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No. 02-1643

In the Supreme Court of the United States

GARY EBECK, PETITIONER

v.

BILL HEDRICK, WARDEN

ON PETITION FOR A WRIT OF CERTIORARI
TO THE UNITED STATES COURT OF APPEALS
FOR THE EIGHTH CIRCUIT

BRIEF FOR THE RESPONDENT IN OPPOSITION

THEODORE B. OLSON
Solicitor General
Counsel of Record
CHRISTOPHER A. WRAY
Acting Assistant Attorney
General
NINA GOODMAN
Attorney
Department of Justice
Washington, D.C. 20530-0001
(202) 514-2217

QUESTION PRESENTED

Whether the remedy provided by 28 U.S.C. 2255 is "inadequate or ineffective," so that a federal prisoner may file a petition for a writ of habeas corpus under 28 U.S.C. 2241, when the prisoner's claim of "actual innocence" is based on a claim-that his offense was not committed in the territorial jurisdiction of the United States-that was available but not made when he filed his first Section 2255 motion.

In the Supreme Court of the United States

No. 02-1643

GARY EBECK, PETITIONER

v.

BILL HEDRICK, WARDEN

ON PETITION FOR A WRIT OF CERTIORARI
TO THE UNITED STATES COURT OF APPEALS
FOR THE EIGHTH CIRCUIT

BRIEF FOR THE RESPONDENT IN OPPOSITION

OPINION BELOW

The order of the court of appeals (Pet. App. 1A) is unreported.

JURISDICTION

The judgment of the court of appeals was entered on September 5, 2002. A petition for rehearing was denied on December 10, 2002 (Pet. App. 13A). On February 27, 2003, Justice Thomas extended the time within which to file a petition for a writ of certiorari to and including May 9, 2003, and the petition was filed on May 8, 2003. The jurisdiction of this Court is invoked under 28 U.S.C. 1254(1).

STATEMENT

After a guilty plea in the United States District Court for the Western District of Missouri, petitioner was convicted of kidnapping within the territorial jurisdiction of the United States (18 U.S.C. 1201(a)) and using and carrying a firearm during and in relation to a crime of violence (18 U.S.C. 924(c)(1)(A)). The district court imposed a sentence of 300 months' imprisonment, which was later reduced to 240 months. The court of appeals affirmed.

Petitioner filed two motions under 28 U.S.C. 2255, which were denied, and a petition for a writ of habeas corpus under 28 U.S.C. 2241, which was treated as a motion under Section 2255 and denied. Petitioner subsequently filed a motion under Federal Rule of Civil Procedure 60(b), which the district court treated as a Section 2255 motion and denied. The court of appeals affirmed.

Petitioner then filed a petition for a writ of habeas corpus under Section 2241. The district court treated the motion as a Section 2255 motion, dismissed it, and denied petitioner's application for a certificate of appealability. The court of appeals also denied petitioner's application for a certificate of appealability, and dismissed his appeal.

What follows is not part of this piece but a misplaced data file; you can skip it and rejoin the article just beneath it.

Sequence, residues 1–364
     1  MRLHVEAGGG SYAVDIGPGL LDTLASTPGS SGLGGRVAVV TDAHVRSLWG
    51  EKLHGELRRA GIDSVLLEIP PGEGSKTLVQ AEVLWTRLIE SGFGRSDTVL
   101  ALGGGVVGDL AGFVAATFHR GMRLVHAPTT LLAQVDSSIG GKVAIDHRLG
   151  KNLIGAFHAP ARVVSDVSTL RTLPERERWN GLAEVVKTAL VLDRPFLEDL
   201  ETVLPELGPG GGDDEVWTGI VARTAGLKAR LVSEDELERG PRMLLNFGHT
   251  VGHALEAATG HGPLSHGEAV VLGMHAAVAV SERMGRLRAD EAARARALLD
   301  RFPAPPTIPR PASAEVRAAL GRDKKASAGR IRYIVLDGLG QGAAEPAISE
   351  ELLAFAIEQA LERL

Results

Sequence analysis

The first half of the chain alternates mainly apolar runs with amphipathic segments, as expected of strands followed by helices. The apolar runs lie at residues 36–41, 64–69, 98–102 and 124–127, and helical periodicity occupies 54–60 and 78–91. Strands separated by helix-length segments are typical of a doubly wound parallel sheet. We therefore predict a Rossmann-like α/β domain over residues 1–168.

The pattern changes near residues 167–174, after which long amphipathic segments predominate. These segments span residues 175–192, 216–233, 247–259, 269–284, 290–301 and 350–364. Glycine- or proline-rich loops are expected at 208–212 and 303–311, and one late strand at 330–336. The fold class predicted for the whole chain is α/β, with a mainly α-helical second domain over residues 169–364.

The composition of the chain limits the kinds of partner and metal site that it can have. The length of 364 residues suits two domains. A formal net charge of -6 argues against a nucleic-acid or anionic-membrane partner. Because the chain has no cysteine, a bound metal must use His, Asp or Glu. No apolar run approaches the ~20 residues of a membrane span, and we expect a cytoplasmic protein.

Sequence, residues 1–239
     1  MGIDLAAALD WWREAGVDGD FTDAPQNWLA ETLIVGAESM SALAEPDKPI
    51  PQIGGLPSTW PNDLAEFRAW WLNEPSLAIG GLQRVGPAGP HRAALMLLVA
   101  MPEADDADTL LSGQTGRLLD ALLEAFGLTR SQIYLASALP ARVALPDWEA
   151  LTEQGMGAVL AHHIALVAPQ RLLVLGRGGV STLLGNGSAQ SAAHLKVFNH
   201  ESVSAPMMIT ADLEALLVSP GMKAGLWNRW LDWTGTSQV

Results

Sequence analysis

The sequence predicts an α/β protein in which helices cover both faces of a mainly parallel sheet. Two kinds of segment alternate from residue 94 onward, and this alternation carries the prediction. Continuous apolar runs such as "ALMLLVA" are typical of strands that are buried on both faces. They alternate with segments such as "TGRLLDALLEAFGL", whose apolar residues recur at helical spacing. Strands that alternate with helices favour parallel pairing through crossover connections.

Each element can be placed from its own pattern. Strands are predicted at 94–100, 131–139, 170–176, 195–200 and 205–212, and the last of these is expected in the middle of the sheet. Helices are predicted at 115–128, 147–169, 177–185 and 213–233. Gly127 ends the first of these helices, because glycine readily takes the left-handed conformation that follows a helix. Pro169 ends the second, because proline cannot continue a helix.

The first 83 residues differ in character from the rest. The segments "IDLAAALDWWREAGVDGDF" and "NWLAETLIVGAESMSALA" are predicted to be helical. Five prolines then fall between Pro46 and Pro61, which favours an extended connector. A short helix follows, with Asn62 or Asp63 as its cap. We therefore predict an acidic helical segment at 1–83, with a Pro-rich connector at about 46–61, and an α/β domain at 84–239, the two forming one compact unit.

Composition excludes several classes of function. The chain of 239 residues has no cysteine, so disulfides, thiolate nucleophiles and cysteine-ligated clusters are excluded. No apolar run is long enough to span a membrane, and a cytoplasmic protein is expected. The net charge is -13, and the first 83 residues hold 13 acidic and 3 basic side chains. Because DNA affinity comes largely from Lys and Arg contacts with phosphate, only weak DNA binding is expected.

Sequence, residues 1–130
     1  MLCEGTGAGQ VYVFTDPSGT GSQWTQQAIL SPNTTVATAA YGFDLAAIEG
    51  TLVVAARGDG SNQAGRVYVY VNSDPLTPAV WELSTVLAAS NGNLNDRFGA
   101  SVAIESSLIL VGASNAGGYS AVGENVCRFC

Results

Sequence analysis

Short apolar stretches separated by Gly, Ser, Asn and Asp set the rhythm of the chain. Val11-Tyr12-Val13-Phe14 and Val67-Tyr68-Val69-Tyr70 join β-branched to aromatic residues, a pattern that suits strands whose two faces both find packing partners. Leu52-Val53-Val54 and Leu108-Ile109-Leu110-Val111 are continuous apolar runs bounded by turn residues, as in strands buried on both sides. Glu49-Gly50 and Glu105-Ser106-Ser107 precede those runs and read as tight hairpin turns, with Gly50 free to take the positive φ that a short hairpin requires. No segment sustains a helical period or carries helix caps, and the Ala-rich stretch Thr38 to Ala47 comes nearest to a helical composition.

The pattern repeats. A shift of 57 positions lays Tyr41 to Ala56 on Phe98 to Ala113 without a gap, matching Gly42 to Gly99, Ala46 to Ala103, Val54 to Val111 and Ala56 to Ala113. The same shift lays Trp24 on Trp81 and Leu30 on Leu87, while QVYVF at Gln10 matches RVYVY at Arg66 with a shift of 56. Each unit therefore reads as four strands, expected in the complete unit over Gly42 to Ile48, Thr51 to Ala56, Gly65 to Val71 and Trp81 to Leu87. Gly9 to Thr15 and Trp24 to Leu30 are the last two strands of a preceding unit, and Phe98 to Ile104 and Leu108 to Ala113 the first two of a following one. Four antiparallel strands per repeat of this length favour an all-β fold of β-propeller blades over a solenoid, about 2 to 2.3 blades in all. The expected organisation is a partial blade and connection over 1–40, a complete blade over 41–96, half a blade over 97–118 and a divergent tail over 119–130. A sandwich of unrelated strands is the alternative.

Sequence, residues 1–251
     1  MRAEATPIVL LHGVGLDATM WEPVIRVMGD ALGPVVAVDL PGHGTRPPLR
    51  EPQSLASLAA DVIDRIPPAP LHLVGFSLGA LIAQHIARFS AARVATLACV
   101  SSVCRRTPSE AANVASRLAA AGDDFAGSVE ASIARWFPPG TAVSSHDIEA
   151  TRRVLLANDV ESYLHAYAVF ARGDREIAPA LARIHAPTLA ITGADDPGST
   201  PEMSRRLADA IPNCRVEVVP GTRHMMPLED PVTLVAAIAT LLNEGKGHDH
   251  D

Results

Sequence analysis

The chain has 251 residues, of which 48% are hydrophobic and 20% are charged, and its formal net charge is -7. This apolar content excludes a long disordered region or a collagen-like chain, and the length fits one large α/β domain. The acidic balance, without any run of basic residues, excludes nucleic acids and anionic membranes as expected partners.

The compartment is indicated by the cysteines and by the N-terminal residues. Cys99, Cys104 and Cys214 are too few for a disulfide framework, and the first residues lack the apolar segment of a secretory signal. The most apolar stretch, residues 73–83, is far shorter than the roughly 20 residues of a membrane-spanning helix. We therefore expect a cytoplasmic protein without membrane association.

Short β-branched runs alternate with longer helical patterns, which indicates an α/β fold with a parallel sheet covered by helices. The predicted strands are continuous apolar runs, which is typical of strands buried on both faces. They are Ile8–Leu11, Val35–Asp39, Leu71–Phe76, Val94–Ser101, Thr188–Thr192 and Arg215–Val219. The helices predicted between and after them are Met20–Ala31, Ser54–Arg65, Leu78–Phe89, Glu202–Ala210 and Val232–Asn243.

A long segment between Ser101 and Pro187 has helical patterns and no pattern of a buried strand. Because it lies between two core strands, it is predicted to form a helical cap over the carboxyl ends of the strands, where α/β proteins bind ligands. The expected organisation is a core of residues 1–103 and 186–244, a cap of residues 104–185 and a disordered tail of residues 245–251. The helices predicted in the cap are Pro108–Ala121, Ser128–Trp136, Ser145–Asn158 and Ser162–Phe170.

1. Petitioner was the leader of an organization that committed burglaries and robberies in Missouri and other States in the late 1980s and early 1990s. PSR ¶¶ 17, 83-104. The members of the group used methamphetamine, which their supplier obtained from Mitchell Courtney. PSR ¶¶ 18-19. On July 20, 1993, petitioner and three other members of his organization -Donald Rogers, Jeffrey Foster, and Jary Swope-- agreed to steal drugs and money from Courtney and to force him to reveal the identity and location of his supplier. PSR ¶ 20. Petitioner, Rogers, and Foster then entered Courtney's house and waited for him to return. Ibid. When Courtney came home shortly after midnight, petitioner and the others interrogated him at gunpoint until he revealed that his methamphetamine supplier was Larry Johnson and told them where Johnson could be found. PSR ¶¶ 21-22. After stealing methamphetamine and cash from Courtney, the men agreed that Swope would keep him locked in the trunk of his car in a wooded area of petitioner's property while petitioner and the others went to find Johnson. Ibid.

Armed with two semiautomatic pistols and a shotgun they had stolen from Courtney, petitioner, Rogers, and Foster drove in Swope's van to the United States Army Corps of Engineers campground near Kimberling City, Missouri. PSR ¶ 24. The men found Johnson outside his camper and forced him into the van at gunpoint. PSR ¶ 25. When a campground worker approached the van, petitioner drove several blocks and ordered Johnson to get out of the van with Rogers and Foster. Ibid. Petitioner was arrested later that day when he returned to the campground to try to retrieve money and drugs from Johnson's camper. PSR ¶ 28.